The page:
Lathallan School’s animals are just one part of a deep commitment to outdoor education.
Next year, for example, James Woodhouse, the school’s head of outdoor education, plans to sail with 21 pupils from Johnshaven harbour, which is on the school’s doorstep, to Marseille and back again, in a bid to complete their gold Duke of Edinburgh’s Award.
When Education Scotland inspected Lathallan last year, it highlighted “the high-quality outdoor learning provision”.
Outdoor education is also embedded in the curriculum from nursery upwards. When I visit Lathallan, Woodhouse, an ex-army officer, has returned from a three-day winter-skills course with S1 that took place in the snowy Angus glens amid temperatures of about -10ºC.
Children camp out overnight on a local beach for the first time when they are in P3 and, as well as the Duke of Edinburgh’s Award, pupils are offered the chance to undertake the John Muir Award for environmental projects in schools.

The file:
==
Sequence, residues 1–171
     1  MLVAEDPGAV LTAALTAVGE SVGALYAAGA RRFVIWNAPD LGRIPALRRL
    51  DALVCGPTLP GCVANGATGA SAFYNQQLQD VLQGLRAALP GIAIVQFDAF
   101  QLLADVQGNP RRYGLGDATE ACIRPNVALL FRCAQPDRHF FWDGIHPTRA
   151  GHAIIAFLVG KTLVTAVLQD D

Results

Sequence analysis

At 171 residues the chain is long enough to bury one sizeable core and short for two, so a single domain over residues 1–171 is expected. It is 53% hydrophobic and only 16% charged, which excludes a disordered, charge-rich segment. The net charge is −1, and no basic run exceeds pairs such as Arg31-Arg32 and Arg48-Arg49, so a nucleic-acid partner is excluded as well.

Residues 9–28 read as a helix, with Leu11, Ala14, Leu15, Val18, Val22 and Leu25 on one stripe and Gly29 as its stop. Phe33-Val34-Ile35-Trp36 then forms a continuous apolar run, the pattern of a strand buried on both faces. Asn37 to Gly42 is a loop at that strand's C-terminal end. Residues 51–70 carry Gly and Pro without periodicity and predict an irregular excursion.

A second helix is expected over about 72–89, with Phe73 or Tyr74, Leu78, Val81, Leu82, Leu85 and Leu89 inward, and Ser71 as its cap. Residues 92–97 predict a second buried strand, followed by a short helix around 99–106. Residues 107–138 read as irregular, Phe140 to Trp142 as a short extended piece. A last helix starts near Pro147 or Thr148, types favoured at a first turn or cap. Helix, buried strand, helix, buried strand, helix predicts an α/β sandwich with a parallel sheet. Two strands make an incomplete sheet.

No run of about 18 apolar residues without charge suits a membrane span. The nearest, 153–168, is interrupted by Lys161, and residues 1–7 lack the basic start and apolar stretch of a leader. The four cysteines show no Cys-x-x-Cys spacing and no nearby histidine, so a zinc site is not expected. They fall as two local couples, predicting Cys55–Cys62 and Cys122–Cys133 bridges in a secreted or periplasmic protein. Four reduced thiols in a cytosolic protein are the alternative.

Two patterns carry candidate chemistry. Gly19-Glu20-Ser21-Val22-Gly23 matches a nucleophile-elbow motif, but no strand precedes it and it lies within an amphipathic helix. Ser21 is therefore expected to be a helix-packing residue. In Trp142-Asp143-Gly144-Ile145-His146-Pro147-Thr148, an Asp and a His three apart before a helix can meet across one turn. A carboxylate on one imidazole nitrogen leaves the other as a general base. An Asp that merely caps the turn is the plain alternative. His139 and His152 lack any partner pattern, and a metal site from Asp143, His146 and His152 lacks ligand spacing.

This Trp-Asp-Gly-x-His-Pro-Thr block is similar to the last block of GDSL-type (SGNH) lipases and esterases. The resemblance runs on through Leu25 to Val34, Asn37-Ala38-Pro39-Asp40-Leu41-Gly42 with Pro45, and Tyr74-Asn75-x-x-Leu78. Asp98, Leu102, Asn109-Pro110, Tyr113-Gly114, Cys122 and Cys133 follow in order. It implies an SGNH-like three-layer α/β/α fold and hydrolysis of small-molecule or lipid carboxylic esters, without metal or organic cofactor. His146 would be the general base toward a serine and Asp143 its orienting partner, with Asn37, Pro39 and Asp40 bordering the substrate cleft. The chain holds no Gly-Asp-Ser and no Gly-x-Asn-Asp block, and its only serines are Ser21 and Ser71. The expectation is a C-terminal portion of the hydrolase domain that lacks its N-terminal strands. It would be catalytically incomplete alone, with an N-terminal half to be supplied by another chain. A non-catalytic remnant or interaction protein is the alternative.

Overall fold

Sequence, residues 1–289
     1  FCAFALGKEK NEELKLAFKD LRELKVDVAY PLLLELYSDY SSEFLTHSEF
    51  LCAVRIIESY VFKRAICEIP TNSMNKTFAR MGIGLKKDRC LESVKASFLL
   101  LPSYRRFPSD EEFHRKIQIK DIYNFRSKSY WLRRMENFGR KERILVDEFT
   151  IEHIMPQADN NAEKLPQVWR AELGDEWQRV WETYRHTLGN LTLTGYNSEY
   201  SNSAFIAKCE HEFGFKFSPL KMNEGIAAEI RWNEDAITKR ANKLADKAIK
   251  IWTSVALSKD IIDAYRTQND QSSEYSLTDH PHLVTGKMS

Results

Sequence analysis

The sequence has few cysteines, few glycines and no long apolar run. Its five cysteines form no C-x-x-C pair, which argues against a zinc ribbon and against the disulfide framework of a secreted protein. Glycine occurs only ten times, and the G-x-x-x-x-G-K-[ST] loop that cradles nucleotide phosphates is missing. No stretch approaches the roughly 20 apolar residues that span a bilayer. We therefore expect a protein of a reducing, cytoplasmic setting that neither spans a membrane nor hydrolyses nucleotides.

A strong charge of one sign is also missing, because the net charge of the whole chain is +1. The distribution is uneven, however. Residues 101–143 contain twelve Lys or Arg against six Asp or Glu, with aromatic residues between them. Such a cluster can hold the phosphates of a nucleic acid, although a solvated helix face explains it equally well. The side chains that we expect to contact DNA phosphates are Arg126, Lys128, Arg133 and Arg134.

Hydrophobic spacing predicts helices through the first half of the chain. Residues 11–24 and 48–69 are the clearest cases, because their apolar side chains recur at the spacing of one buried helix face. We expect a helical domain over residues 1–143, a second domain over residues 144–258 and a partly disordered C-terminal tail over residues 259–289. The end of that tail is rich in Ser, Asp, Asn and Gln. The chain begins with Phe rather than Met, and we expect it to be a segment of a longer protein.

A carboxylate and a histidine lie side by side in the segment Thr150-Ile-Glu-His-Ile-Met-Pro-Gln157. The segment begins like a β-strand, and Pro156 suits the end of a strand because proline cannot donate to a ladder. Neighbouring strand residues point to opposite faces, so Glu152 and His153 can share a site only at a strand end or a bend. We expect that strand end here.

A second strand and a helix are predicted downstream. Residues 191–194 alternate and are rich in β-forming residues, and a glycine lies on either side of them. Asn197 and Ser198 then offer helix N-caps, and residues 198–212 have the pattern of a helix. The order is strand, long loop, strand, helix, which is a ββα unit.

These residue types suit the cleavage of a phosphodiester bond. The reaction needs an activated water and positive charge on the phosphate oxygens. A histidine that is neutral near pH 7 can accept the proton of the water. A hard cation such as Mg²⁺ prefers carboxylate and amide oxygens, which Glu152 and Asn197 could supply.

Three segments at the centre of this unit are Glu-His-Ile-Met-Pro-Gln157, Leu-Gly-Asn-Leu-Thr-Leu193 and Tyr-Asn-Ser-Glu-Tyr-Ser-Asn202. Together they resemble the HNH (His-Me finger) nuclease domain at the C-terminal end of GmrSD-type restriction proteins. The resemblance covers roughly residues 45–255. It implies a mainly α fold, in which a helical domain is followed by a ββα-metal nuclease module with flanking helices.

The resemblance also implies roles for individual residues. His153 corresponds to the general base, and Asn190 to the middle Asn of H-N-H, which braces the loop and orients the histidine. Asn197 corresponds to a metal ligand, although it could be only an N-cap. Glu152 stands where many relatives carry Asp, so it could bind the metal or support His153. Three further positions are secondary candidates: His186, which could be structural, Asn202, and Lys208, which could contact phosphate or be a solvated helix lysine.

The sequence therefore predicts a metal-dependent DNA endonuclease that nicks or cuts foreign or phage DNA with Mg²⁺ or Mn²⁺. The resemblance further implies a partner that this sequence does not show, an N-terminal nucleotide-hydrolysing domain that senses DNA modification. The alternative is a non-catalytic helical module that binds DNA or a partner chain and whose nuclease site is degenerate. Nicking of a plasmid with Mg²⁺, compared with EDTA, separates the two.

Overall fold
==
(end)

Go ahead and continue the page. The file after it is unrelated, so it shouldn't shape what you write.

According to Woodhouse, good outdoor education includes environmental understanding, personal and social development, and adventure activities.
He believes that outdoor learning plugs a gap because children are exposed at an earlier age to consumerism, but perhaps not to “the vagaries of riding your bike or picking up chestnuts in the forest”.
At Lathallan, where the average class size is 12 and day pupils pay up to around £19,000 per year, Woodhouse concedes that its students have the sort of opportunities on their doorstep that are not available to all children.
“We should have a first-class outdoor education offer – we have a wood, we have a stream, we have a beach,” says Woodhouse.
“We are 150 metres from the sea and we are in Scotland, which has some of the best land-access legislation in the world.”